Thursday, October 7, 2010

Silly Season

Octobers that come in a November election year are always the silly season, but this one is particularly daft, falling as it does at the cusp of civilizational collapse.

Virtually any candidate we can shake hands with is talking about the “speed of recovery” whether they view it as too slow, unfortunate, or the best that can be managed given the economic destruction just experienced.

A pitiful few are speaking of federal spending that might actually be a good idea — revived rail lines, green jobs in renewables and energy conservation, or bringing home the National Guard, for instance. Instead, the candidates are a chorus of raucous parrots repeating the party lines, all of which — Democratic, Republican, Green, Tea Bag — are from the la la land of a past century, when oil, coal, and uranium supplies seemed infinite and climate warming was a paltry half degree.

Of course, every rule has an exception.


Going back to the mainstream, or even the progressives, how anyone can be promising to increase the salaries of schoolteachers in the 113-degree heat of Los Angeles is almost beyond comprehension. Obviously they don’t connect the dots between a fossil fueled economy and the stains under their armpits. Robert Reich had it right when he blogged:

You want to know how to cut unemployment by half tomorrow? Get rid of the minimum wage and unemployment insurance, and make everyone who needs a job work for a dollar a day.

He was being facetious, but was more on the mark than he may have realized. In an era of declining resource availability, whether it is cheap petroleum or home mortgages, the only way to keep an economy stable is to match speeds with the rate of decline. This is not your normal business cycle. A huge number of dollars, created magically by fractional reserve banking during the heyday of deregulation, have now magically gone out of existence. As banks and governments write off bad loans and absorb the losses, the currencies backing those loans diminish. Trillions in imaginary wealth revolves back into thin air.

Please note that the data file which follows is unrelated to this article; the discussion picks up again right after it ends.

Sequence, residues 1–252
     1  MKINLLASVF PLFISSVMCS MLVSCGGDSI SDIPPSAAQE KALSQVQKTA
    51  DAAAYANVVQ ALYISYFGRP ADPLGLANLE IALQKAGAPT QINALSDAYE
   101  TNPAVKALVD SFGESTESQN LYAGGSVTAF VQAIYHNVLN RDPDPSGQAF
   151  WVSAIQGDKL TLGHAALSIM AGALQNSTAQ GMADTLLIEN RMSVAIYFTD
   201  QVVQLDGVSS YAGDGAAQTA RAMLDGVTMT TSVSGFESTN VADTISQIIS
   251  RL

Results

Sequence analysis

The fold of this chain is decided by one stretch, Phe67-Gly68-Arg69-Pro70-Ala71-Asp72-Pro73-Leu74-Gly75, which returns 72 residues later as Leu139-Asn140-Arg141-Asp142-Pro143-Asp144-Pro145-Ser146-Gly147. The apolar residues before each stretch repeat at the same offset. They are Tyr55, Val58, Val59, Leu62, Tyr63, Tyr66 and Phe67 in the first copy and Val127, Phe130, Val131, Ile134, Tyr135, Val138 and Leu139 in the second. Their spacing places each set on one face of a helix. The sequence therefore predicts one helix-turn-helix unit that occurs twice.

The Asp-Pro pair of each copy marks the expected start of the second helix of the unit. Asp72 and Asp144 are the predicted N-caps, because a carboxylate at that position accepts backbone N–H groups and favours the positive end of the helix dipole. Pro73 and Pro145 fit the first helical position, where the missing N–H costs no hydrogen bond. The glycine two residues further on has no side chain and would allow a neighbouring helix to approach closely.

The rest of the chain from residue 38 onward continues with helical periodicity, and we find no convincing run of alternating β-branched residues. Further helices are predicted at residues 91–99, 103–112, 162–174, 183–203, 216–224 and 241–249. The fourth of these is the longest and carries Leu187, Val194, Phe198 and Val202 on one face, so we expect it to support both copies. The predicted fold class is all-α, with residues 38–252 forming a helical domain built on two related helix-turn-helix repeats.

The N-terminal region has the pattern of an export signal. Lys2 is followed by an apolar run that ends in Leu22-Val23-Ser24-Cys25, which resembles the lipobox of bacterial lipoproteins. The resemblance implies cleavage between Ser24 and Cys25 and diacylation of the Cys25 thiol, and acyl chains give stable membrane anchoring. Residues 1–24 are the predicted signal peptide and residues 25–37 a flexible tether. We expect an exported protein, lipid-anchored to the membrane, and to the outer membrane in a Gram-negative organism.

Where it went is less important then where it came from. It came from the pockets of home owners who had been using their overpriced houses as an ATM card, boutique mall stores that employed people to sell gee-gaws, or people who used to hire other people and now just need to buy groceries for their kids.

In this chart showing current markets and GDP and overlays of historic declines and leading economic indicators, the decline slope for 2010-2011 is 7 percent, or halving the economy every ten years. Halving the global economy every ten years is a realistic assumption based on population and available net energy trends. Buckle up. This slope could run through most of the next century. Unfortunately, it won’t change the direction of greenhouse gas pollution, or delay the consequences.

So, liberal notions of paying teachers more, or reopening colleges, pushing up the minimum wage, or subsidizing local fire departments with federal block grants, while noble, even common-sensical, are economic malfeasance. Politicians badly need to stop taking Chamber of Commerce checks and take a reality check. Everything has to contract to match the contraction of energy and natural resources.  We can do this in an orderly way or we can do it with civil strife and concatenating disasters like the summer floods in Nashville and Pakistan.

Here is a platform: get rid of the minimum wage and unemployment insurance, and make everyone who needs a job work for a dollar an hour (we are not as extreme as Reich). Forget subsidizing the bloated football programs of the State universities. Offer vo-tech for the great reskilling; training a new generation of oxen drivers and local flour millers. Teach vegetable gardening and canning in middle schools. Encourage students to leave school after the 8th grade and work at home to feed the family. Plant trees and build biochar kilns to process landfill woody wastes. Keyline fields to restore soil biology and draw carbon from the atmosphere.

Show us a politician with the guts to be talking that way and we will show you a profile in courage. That there are almost none shows just how cowardly and irrelevant our alternate Octobers have become. 

1 comment:

Alvin said...

The current fields we sow for our children seem toxic, sad that the wake up call for so many seems to require such pain.

While your articles are far from mainstream acceptance it is nice to see someone putting real thought into longer term pragmatic ideas.

One politician that I was proud to help is Michael E Arth for governor of Florida




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